Colin Berry wrote it in all-caps and red letters. For good measure, he added four exclamation marks:
NOTE THE ABSENCE OF SO MUCH AS A SINGLE MENTION OF THE NEGATIVE IMAGE!!!!
Colin, in his latest posting this morning, STURP approached the Shroud with a major blind spot for negative imprinted images. Time to send in a new STURP team, properly constituted, wrote:
Even if one had grounds for thinking the TS was a painting, despite the lack of brush marks, the generally indistinct fuzzy image with no clear edge, the absence of pigment (not even hang-up in the interstices of the weave as per “blood”) there would be a major question staring one in the face.
Why does the image show a reversal of normal light/dark tones such that one needs a Secondo Pia type conversion to negative to see it’s a “real person”, indeed the popular image of Jesus.? How can one ignore so obvious a feature of the TS – its negative character, and fail to ask why, if testing for fraud (or well-intentioned simulation) it was done that way? If one’s going to assemble a largely self-appointed team of detectives, then one should do what detectives do, and try to think like a criminal might, and start by establishing a motive. What possible motive might a medieval forger have for depicting Christ, especially when newly-deceased, in the negative (an unattractive image some might think when placed alongside the 19th/20th century negative)?
[ . . . ]
So what did those STURP members, with few if any image analysts among them, and NO art historians fail to take on board? Answer: the obsession in that era with allegedly genuine images of Christ obtained as IMPRINTS, mainly in sweat, purportedly, with or without a contribution from blood. Straightaway one needs to flag up the obvious – that a contact imprint from a 3D subject, or part thereof , like a face is ALWAYS a negative image. . . .
And there is this intriguing thought:
Any approach to the Shroud’s NEGATIVE image that takes account of its historical setting, around the time first public display, and indeed first definitive mention in written records, in 1357, must take account of the then celebrated so-called ‘Veil of Veronica’. Before asking what that was, or rather became with much image-embellishment at the hands of artists, let’s first turn to wiki to see the evidence for the Veil’s celebrity at the era in question: [ed. that would be Wikipedia, the entry for Veil of Veronica]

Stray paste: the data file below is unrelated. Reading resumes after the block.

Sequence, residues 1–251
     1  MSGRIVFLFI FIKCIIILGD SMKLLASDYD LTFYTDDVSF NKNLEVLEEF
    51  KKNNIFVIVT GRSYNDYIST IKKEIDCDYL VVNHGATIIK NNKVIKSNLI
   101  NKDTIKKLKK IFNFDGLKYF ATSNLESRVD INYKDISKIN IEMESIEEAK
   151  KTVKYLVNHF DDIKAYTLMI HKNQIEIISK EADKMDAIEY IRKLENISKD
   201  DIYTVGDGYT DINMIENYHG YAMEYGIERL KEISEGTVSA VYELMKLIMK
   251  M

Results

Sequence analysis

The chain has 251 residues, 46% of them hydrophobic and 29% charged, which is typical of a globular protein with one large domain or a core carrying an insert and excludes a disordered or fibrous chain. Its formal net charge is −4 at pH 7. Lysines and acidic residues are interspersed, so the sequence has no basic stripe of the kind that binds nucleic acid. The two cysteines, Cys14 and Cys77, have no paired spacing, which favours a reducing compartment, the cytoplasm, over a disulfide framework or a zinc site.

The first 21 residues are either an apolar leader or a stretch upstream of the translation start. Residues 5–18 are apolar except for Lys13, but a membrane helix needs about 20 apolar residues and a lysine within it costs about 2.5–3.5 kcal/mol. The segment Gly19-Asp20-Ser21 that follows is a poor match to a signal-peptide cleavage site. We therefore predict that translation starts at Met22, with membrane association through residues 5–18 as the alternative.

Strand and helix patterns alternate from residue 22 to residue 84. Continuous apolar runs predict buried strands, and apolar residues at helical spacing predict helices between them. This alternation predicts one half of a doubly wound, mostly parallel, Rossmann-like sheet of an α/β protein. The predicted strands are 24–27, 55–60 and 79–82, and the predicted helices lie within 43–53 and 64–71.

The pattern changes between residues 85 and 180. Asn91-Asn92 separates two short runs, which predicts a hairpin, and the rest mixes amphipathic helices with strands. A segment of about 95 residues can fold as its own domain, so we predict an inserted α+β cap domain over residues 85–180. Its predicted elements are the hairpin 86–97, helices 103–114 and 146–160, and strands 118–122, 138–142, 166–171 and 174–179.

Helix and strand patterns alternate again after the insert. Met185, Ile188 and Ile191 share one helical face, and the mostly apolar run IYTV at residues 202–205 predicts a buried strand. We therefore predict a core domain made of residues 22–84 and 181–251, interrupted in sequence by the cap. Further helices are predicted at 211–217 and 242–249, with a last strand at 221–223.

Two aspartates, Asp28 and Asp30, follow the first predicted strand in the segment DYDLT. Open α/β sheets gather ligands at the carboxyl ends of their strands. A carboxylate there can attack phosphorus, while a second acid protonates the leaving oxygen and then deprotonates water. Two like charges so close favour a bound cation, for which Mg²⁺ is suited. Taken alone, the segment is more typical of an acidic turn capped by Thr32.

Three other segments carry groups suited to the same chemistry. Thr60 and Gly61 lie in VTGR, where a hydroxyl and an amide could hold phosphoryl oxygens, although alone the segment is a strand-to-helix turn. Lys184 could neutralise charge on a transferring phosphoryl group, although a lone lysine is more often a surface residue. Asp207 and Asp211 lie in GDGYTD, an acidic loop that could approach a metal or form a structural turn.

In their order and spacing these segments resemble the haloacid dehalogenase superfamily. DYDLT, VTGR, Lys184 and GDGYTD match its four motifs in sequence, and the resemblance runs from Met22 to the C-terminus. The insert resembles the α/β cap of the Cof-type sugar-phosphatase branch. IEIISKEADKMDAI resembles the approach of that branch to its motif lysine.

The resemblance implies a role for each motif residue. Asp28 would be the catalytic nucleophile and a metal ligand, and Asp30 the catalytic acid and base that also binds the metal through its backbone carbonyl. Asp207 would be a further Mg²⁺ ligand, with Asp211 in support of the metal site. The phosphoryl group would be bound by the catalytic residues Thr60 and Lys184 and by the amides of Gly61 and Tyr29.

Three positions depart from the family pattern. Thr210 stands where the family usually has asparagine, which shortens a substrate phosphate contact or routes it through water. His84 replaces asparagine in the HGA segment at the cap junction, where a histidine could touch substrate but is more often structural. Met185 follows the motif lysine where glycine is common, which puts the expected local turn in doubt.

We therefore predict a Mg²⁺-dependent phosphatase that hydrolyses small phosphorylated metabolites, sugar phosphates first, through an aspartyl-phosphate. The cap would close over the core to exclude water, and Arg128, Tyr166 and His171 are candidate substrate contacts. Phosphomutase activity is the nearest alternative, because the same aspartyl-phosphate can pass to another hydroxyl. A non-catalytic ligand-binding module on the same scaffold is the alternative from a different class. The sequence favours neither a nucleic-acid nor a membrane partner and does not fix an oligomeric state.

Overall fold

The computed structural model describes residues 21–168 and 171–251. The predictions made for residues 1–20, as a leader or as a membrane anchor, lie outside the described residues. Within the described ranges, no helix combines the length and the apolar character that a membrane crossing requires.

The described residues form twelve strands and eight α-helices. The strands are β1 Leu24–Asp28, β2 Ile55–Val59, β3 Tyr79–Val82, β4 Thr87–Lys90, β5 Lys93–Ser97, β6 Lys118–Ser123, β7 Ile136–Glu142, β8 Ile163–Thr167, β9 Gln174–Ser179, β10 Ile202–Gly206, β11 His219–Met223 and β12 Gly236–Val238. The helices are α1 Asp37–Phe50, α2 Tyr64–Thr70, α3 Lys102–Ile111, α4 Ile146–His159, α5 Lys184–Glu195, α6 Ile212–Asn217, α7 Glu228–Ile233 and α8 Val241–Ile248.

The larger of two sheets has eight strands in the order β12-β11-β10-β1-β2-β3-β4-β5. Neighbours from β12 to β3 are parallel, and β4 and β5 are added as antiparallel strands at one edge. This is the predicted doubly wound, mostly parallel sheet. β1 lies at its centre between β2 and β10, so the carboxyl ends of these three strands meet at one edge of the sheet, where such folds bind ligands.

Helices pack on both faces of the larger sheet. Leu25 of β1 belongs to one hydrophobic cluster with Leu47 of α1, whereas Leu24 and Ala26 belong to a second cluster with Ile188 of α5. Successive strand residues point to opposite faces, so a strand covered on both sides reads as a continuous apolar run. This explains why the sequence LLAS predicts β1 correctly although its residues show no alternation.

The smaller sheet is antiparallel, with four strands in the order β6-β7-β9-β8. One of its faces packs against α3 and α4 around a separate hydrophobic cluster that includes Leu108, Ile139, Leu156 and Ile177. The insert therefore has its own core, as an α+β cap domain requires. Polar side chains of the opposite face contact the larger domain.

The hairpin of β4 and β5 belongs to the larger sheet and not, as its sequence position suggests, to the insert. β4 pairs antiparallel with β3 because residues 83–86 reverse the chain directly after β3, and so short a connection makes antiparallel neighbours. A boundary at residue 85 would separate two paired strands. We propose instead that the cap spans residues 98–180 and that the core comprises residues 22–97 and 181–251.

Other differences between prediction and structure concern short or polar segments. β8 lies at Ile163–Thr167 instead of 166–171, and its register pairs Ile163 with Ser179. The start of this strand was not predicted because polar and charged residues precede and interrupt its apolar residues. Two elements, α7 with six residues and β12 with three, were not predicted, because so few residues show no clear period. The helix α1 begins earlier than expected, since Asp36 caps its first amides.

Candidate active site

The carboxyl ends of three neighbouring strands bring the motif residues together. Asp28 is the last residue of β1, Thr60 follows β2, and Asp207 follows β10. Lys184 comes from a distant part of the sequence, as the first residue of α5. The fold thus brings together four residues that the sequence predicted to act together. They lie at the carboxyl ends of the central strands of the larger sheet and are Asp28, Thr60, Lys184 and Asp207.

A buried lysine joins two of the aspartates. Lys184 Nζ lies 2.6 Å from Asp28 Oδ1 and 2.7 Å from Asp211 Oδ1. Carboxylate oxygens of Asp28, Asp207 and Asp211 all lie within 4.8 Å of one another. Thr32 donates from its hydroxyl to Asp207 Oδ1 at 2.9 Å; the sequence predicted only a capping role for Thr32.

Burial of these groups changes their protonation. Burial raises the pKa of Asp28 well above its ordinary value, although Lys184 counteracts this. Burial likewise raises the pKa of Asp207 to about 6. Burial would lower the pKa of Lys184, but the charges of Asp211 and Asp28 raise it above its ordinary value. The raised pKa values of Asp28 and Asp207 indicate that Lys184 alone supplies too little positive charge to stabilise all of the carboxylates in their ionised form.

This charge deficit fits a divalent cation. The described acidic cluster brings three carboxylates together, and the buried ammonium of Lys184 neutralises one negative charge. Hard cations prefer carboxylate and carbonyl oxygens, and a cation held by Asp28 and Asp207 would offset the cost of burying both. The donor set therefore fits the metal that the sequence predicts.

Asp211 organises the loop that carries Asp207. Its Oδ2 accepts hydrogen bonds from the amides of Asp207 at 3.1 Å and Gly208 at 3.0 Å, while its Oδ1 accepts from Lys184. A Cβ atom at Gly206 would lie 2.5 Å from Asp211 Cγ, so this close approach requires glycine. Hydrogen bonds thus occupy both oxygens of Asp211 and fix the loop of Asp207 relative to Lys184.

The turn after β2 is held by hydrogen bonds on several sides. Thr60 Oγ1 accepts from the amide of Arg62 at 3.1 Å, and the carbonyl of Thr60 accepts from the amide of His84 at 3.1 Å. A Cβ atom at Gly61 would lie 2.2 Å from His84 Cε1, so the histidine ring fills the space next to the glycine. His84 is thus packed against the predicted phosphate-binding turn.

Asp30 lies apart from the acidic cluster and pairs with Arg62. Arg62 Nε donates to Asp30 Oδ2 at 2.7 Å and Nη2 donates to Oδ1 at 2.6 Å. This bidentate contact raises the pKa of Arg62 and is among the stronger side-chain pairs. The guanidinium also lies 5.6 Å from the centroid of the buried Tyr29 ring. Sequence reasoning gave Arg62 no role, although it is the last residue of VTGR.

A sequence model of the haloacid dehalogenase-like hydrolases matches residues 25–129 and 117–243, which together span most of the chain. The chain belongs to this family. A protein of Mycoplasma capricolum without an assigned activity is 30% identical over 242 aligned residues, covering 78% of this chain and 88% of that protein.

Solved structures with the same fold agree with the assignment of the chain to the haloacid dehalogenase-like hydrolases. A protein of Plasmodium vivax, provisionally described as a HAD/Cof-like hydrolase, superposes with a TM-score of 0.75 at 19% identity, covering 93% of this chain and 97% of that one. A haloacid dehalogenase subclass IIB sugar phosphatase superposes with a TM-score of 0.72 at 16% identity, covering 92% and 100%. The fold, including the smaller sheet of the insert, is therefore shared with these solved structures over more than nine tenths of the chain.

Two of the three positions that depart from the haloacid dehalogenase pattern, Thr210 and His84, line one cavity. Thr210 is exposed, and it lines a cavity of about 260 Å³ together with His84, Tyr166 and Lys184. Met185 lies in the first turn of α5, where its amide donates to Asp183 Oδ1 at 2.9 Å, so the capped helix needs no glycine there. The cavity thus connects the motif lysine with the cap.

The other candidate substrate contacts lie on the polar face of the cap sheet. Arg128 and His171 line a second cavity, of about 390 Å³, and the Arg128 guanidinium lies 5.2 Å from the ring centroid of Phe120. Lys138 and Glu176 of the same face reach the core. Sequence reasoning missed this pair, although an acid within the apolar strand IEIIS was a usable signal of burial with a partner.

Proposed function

However, firm recording of the Veronica only begins in 1199 when two pilgrims named Gerald de Barri (Giraldus Cambrensis) and Gervase of Tilbury made two accounts at different times of a visit to Rome which made direct reference to the existence of the Veronica. Shortly after that, in 1207, the cloth became more prominent when it was publicly paraded and displayed by Pope Innocent III, who also granted indulgences to anyone praying before it. This parade, between St Peter’s and The Santo Spirito Hospital, became an annual event and on one such occasion in 1300 Pope Boniface VIII, who had it translated to St. Peter’s in 1297, was inspired to proclaim the first Jubilee in 1300. During this Jubilee the Veronica was publicly displayed and became one of the "Mirabilia Urbis" ("wonders of the City") for the pilgrims who visited Rome. For the next two hundred years the Veronica, retained at Old St Peter’s, was regarded as the most precious of all Christian relics; there Pedro Tafur, a Spanish visitor in 1436, noted:
[ . . . ]
Good point, Colin. That is what these blogs are about. Asking questions and raising concerns that are not otherwise being asked in less argumentative sites.
BTW: Colin is angry at me. He thinks I was a bit unfair. He may be right:
I’ve just been given a mild reprimand (yet again) for changing the subject on my blog through use of addendums.
To reiterate: this is my blog, my space, and it’s not for other bloggers to act as style police.
The blogger in question has in fact ignored the main content of this posting, the one in the title (LOTTO v LUWU) and chosen to nitpick on a detail of the brass-rubbing addendum. My crime: to make mention of processing the image by tone inversion then 3D-engancement in Image J. I’ve failed I’m told to demonstrate that the 3D step produced 3D enhancement.
Correct. I never said it did. I simply showed the result after each of the two steps, and invited my readers to form their own judgement. In fact there is a small difference in the ‘post 3D’ image – i.e. shadiing effects that make the image less like a cartoon, clothing especially, faces too if one looks closely, more like a portrait, BUT I DID NOT SAY THAT. I simply left it at saying that the processed images were more ‘life-like’ and used that term immediately after the tone-inversion alone.
That site is becoming increasingly vexatious, especially for its constant attempts to trip me up on matters of pettifogging detail, and its systematic attempts to draw attention away from the main content and conclusions.
I shall be giving that dreary lacklustre site a miss from a while, having several ideas in the pipeline that I want to post here. I shan’t bother to see how they have been subsequently mushed on that site, as indeed they will.